“Chrissie Pud” …

Every year mum would make the Christmas Pudding. All four of us would have a stir, make a wish, chuck in the coins and lick the bowl. Come Christmas Day we’d stuff ourselves full to get more “dosh”, then line the coins up for mum to count.  They’d be exchanged for “clean” money and the “Christmas Coins” would soak in a bowl ready for next year.

That came to an end and the fun went out of it when, on 14 Feb 1966, Australia changed to Decimal Currency.  No longer able to use the coins and finding the replacement charms not charming, at all, we began to lose interest in the rituals of the “Chrissie Pud”.

Yesterday, to my delight, I came across mum’s stash of the Christmas Pudding threepenny pieces.  They were disguised in an old Redheads Matchstick Box upon which mum had written “Thumb Tacks“.  Mmmm … did it once contain “Thumb Tacks” or was it my lovely mum’s way of keeping little children’s fingers at bay? …

Then the memories began to flow:
–  Grandpa’s pronunciation of “thruppence” …
–  The year mum made the “pud” in a cloth, instead of the basin, and “the boys” (my brothers) teasing her about it getting fly blown …
–  The year Grandpa must have swallowed his coins because mum and I put heaps in his serve …
–  My brother’s ideas for recovering Grandpa’s coins …
–  Mum actually starting to wonder if the “pud” might get flyblown hanging there in the lobby …

Some of our “Chrissie” threepenny pieces

Happy times… Happy memories… all conjured up by the sight of that old battered box, labelled “Thumb Tacks”.


(c) Copyright 2012. Catherine Crout-Habel. Seeking Susan ~ Meeting Marie ~ Finding Family

Green “Depression” Glass

My first foray into the world of EBay came today…  Winning  “the bid” I’m now the proud owner of a “Green’ Depression glass Cake Stand.  

Four small, simple items which bring great pleasure. 

The first, a Butter Container, I chanced upon when browsing the wonderful secondhand shops of Strathalbyn, South Australia, over two decades ago. Stopping off on a visit to mum and dad (Kathleen Mary Allan & Harry Scarborough Crout), at their retirement home in Goolwa, I acquired not only the butter dish but an aged/antique double bed.

Then came the vase, which had resided in the rear of our Staff Room cupboard, “since Adam was a boy”.  Some bright spark decided it needed to be binned.  Catherine to the rescue!  

Browsing for books in the local Salvation Army “Op Shop” there sat the beautiful Sandwich Tray willing to be noticed and acquired.  I obliged.

Looking at, touching and using everyday items in Green Depression glass flips me right back to my childhood.  To comforting memories of meals around the kitchen table, mum’s yummy cooking, grandpa’s antics, dad’s bursts of anger, food likes and dislikes and brother John’s sunburn which, much to mum’s horror, covered his entire body… not to mention the lidless tomato sauce bottle spraying its contents hither and thither.  The list is endless.   Throughout it all were those beautiful green glass containers, reflecting the beauty that was my childhood … my family.

Mum and Nana

Most likely they belonged to Nana (Elizabeth Mary Murray Evans Allan) and sat on my own mum’s kitchen table when she was young    for she was a child of “the Great Depression.”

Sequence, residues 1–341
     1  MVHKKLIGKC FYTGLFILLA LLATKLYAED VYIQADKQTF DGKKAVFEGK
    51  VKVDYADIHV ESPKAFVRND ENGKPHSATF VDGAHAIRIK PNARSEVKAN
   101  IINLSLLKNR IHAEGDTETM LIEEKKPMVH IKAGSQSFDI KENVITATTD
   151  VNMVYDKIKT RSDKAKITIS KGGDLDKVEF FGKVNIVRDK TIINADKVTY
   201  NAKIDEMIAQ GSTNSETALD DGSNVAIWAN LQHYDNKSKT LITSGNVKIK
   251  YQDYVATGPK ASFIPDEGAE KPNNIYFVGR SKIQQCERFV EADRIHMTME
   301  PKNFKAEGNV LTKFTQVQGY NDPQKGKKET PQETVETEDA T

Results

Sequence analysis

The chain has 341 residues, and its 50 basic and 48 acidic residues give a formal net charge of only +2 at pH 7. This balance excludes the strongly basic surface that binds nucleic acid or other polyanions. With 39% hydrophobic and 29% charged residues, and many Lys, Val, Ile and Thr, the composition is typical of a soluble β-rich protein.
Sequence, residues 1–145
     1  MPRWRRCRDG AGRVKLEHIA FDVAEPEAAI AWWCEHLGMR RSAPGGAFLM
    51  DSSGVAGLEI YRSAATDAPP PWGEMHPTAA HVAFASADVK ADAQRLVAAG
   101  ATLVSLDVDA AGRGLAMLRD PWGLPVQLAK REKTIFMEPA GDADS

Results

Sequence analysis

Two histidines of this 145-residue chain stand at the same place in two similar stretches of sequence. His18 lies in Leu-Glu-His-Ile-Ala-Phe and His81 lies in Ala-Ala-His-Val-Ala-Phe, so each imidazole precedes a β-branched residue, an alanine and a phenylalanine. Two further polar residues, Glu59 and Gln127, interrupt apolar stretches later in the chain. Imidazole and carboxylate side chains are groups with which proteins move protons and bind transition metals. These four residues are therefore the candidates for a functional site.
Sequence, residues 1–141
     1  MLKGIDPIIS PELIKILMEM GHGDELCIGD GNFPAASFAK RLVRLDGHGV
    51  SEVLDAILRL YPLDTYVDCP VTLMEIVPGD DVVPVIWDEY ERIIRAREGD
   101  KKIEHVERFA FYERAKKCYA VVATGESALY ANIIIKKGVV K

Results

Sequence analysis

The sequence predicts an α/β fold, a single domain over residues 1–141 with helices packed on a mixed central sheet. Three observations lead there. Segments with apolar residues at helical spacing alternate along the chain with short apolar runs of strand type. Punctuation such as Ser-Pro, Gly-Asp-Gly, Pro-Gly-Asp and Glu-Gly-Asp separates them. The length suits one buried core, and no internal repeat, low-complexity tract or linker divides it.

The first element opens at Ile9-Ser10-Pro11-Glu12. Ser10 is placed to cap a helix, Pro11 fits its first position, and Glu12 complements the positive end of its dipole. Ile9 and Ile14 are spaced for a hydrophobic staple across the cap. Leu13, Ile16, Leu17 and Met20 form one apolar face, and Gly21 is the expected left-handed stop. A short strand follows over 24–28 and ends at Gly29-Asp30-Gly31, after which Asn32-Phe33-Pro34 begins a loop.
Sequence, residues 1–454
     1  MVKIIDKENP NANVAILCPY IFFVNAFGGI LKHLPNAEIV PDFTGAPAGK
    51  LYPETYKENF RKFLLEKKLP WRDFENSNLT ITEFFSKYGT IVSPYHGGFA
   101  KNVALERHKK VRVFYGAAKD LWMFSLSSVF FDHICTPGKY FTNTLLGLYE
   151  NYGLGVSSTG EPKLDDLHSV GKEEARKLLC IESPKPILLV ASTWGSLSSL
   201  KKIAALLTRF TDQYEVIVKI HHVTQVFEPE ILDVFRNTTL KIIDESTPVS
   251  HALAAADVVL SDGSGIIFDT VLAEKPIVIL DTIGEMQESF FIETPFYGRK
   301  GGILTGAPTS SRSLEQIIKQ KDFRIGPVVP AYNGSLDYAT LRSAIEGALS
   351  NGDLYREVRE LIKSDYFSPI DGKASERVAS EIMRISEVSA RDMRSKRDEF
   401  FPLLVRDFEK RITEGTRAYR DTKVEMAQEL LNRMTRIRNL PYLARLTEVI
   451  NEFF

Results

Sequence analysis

(c) Copyright 2012. Catherine Crout-Habel. Seeking Susan ~ Meeting Marie ~ Finding Family

Tiny Red Roses …

Feelings of sadness wash over me whenever another tiny baby shows up, in the family history, as stillborn or dying at any early age.

So many little children who didn’t make it to adulthood …

So many mothers with grieving hearts and empty arms …

My own great grandmother, Eliza Jane (Rowan) Murray buried her first baby boy and then some 12 months later, after burying her  second baby boy, went back to her empty childless home. However, the thought of that endless rain pelting down on his fresh tiny grave sent her running back to the cemetery to cover his final resting place with his new baby blanket.

No one can tell me that mothers of yester-year were more accustomed to baby deaths and were therefore less affected than the mothers of today.

So, alongside each early death, in my family chart, I place a tiny red rose in love and remembrance.  

May these little souls forever Rest in Peace and may their mothers know that their babes are always remembered.  

Barrier Miner (Broken Hill, NSW: 1888-1954), Sat 18 Jan 1890, pg 3.

In Memory of:  Peter MURRAY 1887 – 23 Jan 1889 and Walter MURRAY 1889 – 14 Jan 1890 – Broken Hill Cemetery, Old Catholic Section: Row 3, Grave 5.


SOURCE:  TROVE:  National Library of Australia   

(c) Copyright 2012.  Catherine Crout-Habel. Seeking Susan ~ Meeting Marie ~ Finding Family

Dad, fencing and Nana

My first “snippet” jumped into my brain when watching “Midsomer Murders” last night and just won’t go away. 

There was a scene with two people fencing.   Yep, that kind of fencing not the sort you use to keep the cows from straying. Well, I was flipped right back to my childhood and mum laughing hysterically when recalling the story of dad’s determination to learn to fence.  A rather unusual sport in Port Adelaide and towards the end of the Great Depression, I would have thought.

Dad was a lodger with her parents, at the time of his fencing sojourn, and mum was 13 years younger so her remembering was always told through the eyes of the child she was.  Why the hilarity?

Well dad, for whatever reason, was determined to dress as appropriately as possible in his daily practice with her mum, my Nana, Elizabeth Mary Allan.  For his facial protection he trawled through the kitchen cupboards and found the appropriate article – a colander which he strapped to his face. Mum’s laughter increased as she described the positioning of the handles over dad’s forehead and below his chin.

Never can I see a picture, or a film, of people dressed for “fencing” without hearing mum’s shrieks of childhood laughter.  A precious memory.